The state respects freedom of religion. Religious groups are not required to register but receive tax benefits if they do. Roman Catholic priest Tadeusz Rydzyk, a PiS supporter and head of a media group that includes the ultraconservative Radio Maryja, was criticized in 2007 for making anti-Semitic remarks. Radio Maryja, although owned by a private Catholic group, enjoys fee exemptions and public-broadcaster status. Academic freedom is generally respected, though one rarely invoked law threatens anyone who “publicly insults or humiliates a constitutional institution” with a fine or up to two years’ imprisonment.
Polish citizens can petition the government, assemble legally, organize professional and other associations, and engage in collective bargaining. Public demonstrations require permits from local authorities. A demonstration by gay rights activists took place in November without incident, in contrast to previous years. Poland has a robust labor movement, but groups including the self-employed and those working under individual contracts are barred from joining a union. Union pluralism is recognized with the exception of law enforcement personnel, who mounted a successful informal strike in 2007. Labor leaders have complained of harassment by employers.
Poland has an independent judiciary, but courts are notorious for delays in administering cases. State prosecutors have proceeded slowly on corruption investigations, contributing to concerns that they are subject to considerable political pressure. A November 2007 report by the International Bar Association Human Rights Institute on the status of rule of law in Poland found that several recently passed and proposed legislative amendments introduced by the PiS during the year would threaten the judiciary, the legal profession, and prosecutors. They included fee-capping measures for advocates and legal advisors, requirements for cases to be considered in the order in which they are received, and a provision giving the justice minister the ability to reassign judges to different courts or locations against their will. The new government has promised its own judicial reforms and nothing else was enacted by year’s end. Prison conditions are fairly poor by European standards, and pretrial detention periods can be lengthy.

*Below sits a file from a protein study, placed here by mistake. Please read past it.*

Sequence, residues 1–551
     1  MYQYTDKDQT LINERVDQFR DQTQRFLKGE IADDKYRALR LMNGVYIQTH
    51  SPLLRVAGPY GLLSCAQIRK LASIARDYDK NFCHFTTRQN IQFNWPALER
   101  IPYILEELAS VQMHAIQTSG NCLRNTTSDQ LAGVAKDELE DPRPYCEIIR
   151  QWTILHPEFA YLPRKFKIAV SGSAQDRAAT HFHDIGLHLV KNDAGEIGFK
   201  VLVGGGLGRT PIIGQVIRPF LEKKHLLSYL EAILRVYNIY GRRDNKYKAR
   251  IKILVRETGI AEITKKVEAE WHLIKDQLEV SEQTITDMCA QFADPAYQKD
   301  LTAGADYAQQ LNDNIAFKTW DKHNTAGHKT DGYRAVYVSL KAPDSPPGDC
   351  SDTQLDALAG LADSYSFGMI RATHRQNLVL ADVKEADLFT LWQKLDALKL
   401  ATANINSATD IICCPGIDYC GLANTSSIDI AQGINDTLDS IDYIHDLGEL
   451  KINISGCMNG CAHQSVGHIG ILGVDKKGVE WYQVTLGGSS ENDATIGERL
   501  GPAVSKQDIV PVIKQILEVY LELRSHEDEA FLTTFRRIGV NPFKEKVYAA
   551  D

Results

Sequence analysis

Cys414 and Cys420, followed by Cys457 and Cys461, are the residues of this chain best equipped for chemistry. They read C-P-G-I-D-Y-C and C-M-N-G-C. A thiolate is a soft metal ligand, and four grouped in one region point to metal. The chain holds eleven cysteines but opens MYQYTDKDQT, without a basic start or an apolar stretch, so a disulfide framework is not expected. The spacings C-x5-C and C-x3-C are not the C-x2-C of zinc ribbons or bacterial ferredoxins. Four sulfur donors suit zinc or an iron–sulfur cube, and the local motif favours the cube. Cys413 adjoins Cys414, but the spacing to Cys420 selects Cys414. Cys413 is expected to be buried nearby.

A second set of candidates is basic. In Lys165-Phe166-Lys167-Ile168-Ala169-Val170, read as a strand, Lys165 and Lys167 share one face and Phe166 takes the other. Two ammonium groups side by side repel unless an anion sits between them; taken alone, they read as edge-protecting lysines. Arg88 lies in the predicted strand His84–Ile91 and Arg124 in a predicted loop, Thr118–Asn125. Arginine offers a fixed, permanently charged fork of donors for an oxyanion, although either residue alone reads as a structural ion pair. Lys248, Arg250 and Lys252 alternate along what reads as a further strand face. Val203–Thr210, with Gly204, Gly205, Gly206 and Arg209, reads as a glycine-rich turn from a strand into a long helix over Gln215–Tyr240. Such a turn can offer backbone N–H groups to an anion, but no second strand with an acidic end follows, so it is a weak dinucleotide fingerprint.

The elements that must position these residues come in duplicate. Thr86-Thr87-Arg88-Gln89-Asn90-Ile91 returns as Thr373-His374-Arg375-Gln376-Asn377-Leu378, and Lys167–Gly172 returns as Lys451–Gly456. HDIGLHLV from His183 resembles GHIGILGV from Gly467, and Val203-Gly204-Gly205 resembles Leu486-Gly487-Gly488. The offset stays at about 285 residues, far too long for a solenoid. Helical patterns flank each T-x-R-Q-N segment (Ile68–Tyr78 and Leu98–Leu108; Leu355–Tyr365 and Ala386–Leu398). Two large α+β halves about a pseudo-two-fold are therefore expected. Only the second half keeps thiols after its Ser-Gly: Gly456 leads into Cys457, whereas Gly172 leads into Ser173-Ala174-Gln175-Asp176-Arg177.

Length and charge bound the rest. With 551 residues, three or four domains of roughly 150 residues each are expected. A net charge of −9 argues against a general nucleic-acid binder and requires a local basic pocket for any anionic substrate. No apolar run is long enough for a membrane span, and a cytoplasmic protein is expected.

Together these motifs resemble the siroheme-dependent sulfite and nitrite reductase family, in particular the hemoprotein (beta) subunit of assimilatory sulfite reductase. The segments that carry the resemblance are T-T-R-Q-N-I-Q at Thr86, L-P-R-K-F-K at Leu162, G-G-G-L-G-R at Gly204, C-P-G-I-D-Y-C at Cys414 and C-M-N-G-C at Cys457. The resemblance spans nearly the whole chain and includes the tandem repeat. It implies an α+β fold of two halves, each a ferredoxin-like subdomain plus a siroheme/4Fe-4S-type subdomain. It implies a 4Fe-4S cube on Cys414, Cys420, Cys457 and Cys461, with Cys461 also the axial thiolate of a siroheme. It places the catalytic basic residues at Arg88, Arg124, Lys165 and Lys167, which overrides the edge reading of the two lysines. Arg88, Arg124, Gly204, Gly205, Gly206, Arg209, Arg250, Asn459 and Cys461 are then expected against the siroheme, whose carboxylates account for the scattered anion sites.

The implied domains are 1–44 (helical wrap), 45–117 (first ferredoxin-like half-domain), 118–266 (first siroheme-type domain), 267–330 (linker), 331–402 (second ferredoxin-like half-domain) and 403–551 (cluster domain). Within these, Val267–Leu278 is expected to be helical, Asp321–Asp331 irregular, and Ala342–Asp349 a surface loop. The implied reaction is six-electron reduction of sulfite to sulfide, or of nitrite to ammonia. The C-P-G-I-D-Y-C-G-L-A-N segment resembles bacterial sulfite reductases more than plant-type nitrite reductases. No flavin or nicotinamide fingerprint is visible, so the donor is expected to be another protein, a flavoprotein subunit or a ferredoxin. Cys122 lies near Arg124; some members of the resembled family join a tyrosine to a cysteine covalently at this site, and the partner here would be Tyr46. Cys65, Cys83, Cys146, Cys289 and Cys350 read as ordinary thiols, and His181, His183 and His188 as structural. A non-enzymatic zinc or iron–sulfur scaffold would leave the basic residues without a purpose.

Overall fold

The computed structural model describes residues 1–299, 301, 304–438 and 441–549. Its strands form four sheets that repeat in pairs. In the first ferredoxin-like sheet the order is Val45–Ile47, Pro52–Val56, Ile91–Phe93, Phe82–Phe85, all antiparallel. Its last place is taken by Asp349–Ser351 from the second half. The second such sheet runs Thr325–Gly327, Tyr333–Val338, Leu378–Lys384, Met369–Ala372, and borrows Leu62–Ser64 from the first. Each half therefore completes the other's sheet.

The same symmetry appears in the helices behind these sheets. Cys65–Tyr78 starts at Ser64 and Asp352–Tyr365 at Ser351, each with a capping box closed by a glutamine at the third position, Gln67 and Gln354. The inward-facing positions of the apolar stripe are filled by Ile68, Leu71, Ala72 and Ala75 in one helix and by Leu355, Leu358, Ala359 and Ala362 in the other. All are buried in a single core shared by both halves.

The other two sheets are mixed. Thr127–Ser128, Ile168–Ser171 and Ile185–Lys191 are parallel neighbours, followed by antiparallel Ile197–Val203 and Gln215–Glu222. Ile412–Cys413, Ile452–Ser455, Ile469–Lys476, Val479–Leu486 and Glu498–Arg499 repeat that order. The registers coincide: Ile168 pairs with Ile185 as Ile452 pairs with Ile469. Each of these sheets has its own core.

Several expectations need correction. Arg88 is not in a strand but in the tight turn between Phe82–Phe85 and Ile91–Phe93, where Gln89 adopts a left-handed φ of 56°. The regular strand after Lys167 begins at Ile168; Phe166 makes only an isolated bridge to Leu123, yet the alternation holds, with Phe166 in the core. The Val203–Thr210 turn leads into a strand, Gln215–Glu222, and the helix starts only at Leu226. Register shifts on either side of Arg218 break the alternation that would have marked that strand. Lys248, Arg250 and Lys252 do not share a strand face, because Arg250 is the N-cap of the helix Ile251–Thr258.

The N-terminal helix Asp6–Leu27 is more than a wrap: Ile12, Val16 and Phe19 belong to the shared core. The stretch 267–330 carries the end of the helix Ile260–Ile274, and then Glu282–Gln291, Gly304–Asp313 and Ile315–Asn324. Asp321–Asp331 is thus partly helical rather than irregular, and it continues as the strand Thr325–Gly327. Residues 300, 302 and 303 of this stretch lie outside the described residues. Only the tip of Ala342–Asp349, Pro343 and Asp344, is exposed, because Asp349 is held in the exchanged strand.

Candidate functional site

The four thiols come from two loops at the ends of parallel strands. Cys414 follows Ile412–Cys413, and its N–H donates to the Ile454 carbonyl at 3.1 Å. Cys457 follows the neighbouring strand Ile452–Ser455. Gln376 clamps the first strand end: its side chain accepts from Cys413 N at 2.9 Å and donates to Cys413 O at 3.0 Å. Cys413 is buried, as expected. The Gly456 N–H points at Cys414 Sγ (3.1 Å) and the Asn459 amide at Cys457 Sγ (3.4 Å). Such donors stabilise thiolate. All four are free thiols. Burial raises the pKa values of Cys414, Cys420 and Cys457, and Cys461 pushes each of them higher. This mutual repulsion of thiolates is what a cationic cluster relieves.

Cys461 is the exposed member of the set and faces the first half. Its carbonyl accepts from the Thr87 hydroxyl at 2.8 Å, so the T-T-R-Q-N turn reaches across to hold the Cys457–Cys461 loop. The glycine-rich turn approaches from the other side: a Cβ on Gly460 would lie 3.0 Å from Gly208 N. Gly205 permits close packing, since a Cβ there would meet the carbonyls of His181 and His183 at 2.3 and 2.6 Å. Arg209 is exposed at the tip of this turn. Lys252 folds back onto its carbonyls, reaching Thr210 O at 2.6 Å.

Ethnic minorities generally enjoy generous protections and rights under Polish law, including funding for bilingual education and publications and privileged representation in parliament; their political parties are not subject to a minimum vote threshold of 5 percent to achieve representation. Some groups, particularly the Roma, suffer discrimination in employment and housing, racially motivated insults, and occasional attacks. Poland’s homosexual community is active, but faces discrimination. A March 2007 proposal by the Ministry of Education would have prohibited the promotion of homosexuality in schools, with those found guilty facing fines or imprisonment. The measure was not enacted.
Women have made inroads in the professional sphere and are employed in a wide variety of occupations. A number of women hold high positions in government and the private sector. However, domestic violence against women is a problem. Abortion is illegal unless the health of the mother is at risk, the pregnancy results from rape or incest, or the fetus is irreparably damaged, and the law is strictly enforced. As in several other formerly communist countries in the region, trafficking in women and girls for the purpose of prostitution remains a problem.